The Karnataka High Court in K.M. Venkataraman and Ors. vs. G. Narayana and Ors.[3] has held that “It is trite law that admission is the best piece of evidence and admission of a document means admission of facts contained in the document.”

The Calcutta High Court in Dalgreen Agro (P) Ltd. v. Sk. Asadur Rahman[4] has clarified that Section 58 read with the amended provisions of Order XI, Rule 4 leads to the inescapable conclusion that the objective of a detailed Statement of admission and denial accompanied by an Affidavit confirming the correctness of such Statement is to do away with the rigours of proving the documents which already form part of the affidavit of evidence. The five heads provided under sub-rule (2) of Order XI Rule 4 gives the right as well as sufficient opportunity to a party to decide whether a document should be admitted or denied under any of the heads provided. But once the party exercises that right and submits a statement together with an Affidavit vouching for the stand taken by it, that party cannot insist upon a further right to call for further proof of those documents in examination in-chief.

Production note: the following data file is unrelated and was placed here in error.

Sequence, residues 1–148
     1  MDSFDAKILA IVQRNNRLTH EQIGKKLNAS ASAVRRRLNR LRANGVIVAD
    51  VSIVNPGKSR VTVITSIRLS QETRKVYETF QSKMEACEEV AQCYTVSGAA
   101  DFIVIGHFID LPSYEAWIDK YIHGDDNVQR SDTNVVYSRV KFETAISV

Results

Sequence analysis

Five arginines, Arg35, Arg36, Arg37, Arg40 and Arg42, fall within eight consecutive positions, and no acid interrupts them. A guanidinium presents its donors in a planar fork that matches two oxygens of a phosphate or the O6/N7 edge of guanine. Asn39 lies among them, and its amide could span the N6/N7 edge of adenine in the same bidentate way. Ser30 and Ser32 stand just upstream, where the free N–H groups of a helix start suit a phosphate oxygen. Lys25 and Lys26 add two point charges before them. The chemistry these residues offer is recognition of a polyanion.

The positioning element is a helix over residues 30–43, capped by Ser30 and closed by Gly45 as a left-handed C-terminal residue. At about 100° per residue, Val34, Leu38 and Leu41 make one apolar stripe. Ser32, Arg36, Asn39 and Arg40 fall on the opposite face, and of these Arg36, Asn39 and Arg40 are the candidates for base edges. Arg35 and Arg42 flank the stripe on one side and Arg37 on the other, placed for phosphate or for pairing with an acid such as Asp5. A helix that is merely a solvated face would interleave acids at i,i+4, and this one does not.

What amounts to Admission when the witness has not been cross-examined on facts?

The 1994 decision of the Bombay High Court in Bhika Cullianji and Co. v. Avon Electric Company and Ors. recognised that the challenge to oral evidence must be reflected in the course of cross-examination. As the Defendants therein declined to put the material setting out their case in the cross-examination, the Court observed that the same would be regarded as an admission and such uncontroverted evidence must be acted upon by the Court[5].

In Muddasani Venkata Narsaiah (D) through Legal Representatives v. Muddasani Sarojana[6], the apex Court has held that effect of non-cross-examination is that the statement of a witness has not been disputed and if no questions are put to a witness, the Court would presume that the witness account has been accepted. The Court has further recognised that the matters sworn to by one party in the pleadings not challenged either in pleadings or cross-examination by other party must be accepted as fully established[7].